I have been working a temp job for the last six months, as an administrative assistant for a law firm. They keep telling me they want to hire me permanently. They say they love me, even if I am a temp and not a “real person,” an annoying term I often hear used in that office to refer to permanent employees. But because of a hiring freeze they haven’t made me any offers so far. It is cheaper for them to use temps than to pay benefits. At least I am not chained to the job. I am grateful for this, because in that office everything is a big crisis. I have lost count of all the times I have been ready to go home at 5:00 only to have some lawyer chase after me in a panic, waving documents that have to be revised now, as if New York City would fall into the ocean if this were not done within the hour. There are people in that office who have been working there forever. That amazes me, because the idea of spending 40 years working for lawyers makes me want to kill myself.
To supplement my income, I sing at an Episcopal church on Sundays and in an Italian restaurant on Friday nights. The restaurant is fun because I get to eat really great food and their customers love everything I do. Some of them tip well, too, especially when they have been sampling the wine. Their pianist, Vinnie Buono, has a huge repertoire of jokes and we spend most of the evening just hanging out in between “sets.” On the other hand, the Episcopal church isn’t much fun. I am part of a paid quartet of professional “ringers” hired to make the elderly volunteer choir sound good. Although I am not Episcopalian, this church is happy to pay me to sing and I am happy to do it. The pay is reasonable and the clergy and most of the parishioners are very nice. The problem is the organist, who doubles as choir director. He is always yelling at us professionals for every mistake, including the ones we don’t make. He won’t yell at the volunteers, some of whom are on the parish vestry. They can do no wrong, no matter how tone-deaf some of them are. I have a picture of our organist on my PC, and I use him for Photoshop practice. So far I have turned him into a scaly orange demon and a frog.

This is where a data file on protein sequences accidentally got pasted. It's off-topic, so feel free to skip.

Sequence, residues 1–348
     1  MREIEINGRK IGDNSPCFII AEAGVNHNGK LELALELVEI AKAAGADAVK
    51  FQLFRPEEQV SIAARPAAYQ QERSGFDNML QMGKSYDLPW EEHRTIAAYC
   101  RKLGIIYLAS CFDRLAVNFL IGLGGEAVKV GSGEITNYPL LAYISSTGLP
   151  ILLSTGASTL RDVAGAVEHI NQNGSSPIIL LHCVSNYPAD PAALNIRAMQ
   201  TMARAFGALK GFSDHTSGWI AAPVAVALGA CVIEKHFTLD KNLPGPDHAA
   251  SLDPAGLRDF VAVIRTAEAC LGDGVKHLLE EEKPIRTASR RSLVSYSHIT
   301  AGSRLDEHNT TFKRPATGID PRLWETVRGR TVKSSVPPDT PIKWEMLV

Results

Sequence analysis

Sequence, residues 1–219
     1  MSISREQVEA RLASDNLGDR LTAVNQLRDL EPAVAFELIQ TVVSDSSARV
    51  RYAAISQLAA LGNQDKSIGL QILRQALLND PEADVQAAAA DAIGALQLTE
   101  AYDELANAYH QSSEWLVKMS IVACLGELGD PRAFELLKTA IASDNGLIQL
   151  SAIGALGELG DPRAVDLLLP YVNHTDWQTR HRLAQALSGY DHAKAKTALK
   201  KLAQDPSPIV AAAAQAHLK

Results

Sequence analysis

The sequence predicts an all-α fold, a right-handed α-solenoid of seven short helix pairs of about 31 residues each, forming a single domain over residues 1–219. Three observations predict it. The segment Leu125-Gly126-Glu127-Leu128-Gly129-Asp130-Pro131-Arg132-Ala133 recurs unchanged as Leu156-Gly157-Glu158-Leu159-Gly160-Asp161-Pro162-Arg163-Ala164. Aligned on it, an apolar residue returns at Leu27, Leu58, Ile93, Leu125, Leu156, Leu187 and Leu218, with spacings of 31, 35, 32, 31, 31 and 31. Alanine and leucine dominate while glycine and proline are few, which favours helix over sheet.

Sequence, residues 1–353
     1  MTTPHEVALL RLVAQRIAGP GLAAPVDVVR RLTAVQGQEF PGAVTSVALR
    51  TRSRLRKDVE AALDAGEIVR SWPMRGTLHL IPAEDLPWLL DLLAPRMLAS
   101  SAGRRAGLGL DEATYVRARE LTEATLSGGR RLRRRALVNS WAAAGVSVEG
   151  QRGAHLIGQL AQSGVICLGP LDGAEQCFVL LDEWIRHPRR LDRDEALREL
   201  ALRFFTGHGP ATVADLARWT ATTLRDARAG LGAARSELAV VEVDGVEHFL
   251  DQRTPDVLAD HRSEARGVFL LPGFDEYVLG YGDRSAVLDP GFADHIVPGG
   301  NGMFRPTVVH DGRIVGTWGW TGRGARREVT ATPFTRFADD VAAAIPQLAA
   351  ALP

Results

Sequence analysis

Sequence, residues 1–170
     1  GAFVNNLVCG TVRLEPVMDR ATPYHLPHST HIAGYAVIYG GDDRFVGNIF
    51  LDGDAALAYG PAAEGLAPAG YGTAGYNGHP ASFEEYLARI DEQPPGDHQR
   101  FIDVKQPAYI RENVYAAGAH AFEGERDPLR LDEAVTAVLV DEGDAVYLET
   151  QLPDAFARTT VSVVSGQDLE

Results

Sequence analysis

I am staying home from work today. This morning I have my first audition for Little Pretentious Opera Company. They are doing Puccini’s Suor Angelica and Poulenc’s Dialogues of the Carmelites as a kind of convent-themed festival. There are a lot of women’s parts in these operas, so there is a better than usual chance of being cast. There is also plenty of drama in each of these works, including some great death scenes. This would be a great opportunity for me not only to sing some beautiful music but to do some real acting as well. This company triple-casts every role. They don’t pay their singers very much, but their performances have been reviewed in Backstage and even, once, in the Daily News.